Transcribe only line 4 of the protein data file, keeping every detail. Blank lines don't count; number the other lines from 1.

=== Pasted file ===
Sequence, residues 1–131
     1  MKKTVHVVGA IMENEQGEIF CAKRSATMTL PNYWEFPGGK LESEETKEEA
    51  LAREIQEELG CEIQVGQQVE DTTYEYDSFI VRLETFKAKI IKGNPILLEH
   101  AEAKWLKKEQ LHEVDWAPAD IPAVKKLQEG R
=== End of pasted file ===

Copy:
   101  AEAKWLKKEQ LHEVDWAPAD IPAVKKLQEG R